Here's a link to the column I did last week for Antiwar.com. It discusses the brief summary made public of the latest National Intelligence Estimate on global terrorism. The bottom line, of course, is that starting the Iraq war has almost certainly made things worse for the United States. Not only is al-Qaida in Iraq, described as the only al-Qaida affiliate with a stated ambition to attack the United States proper, an artifact of that war, thousands of jihadists are getting trained and "blooded" in actual bomb-making and actual combat, which is much more valuable than studying something on the Internet or even attending a training camp in Afghanistan or Pakistan. We'll be paying for it --perhaps Europe more then the U.S. -- for years to come.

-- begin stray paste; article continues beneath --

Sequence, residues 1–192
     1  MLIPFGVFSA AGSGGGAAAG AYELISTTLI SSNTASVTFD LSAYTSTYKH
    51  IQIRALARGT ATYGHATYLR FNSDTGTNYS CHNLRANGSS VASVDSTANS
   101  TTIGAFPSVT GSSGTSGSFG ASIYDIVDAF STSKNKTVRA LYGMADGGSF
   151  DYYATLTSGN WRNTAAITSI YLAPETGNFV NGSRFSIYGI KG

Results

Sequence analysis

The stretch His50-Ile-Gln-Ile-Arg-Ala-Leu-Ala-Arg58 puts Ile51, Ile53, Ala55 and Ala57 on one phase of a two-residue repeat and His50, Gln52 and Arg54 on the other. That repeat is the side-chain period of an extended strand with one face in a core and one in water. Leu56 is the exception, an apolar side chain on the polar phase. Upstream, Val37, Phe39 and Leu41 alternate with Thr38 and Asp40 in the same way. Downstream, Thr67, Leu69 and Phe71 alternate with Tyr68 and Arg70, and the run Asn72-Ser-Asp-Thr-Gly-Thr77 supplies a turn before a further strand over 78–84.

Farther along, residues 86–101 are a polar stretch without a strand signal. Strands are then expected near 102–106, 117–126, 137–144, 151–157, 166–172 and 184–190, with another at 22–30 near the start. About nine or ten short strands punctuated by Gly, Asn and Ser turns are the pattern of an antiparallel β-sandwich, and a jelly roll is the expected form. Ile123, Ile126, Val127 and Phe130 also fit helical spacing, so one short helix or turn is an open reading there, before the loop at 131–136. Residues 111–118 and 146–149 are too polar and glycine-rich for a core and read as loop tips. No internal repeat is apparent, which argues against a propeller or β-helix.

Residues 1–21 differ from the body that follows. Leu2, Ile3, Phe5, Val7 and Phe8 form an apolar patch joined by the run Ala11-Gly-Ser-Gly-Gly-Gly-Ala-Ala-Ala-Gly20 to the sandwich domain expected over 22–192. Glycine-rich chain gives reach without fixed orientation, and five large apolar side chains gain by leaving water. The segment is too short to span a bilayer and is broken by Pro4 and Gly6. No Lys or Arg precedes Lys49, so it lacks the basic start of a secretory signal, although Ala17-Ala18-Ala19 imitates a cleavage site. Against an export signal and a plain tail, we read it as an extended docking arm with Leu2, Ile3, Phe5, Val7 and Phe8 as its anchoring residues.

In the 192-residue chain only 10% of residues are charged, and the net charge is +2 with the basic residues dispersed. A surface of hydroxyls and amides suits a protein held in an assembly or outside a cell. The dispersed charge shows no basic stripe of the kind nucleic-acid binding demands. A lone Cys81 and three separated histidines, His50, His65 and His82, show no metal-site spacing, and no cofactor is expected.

I continue to recommend Charles Pena's "Winning the Un-War" as the best detailed source for the kinds of strategies and tactics that might make the U.S. better off vis-a-vis terrorist jihadism. His strategy, of course, includes withdrawing military forces from Iraq and most of the Middle East, to reduce their values as a recruiting tool for terrorists, not to mention the danger to those troops themselves.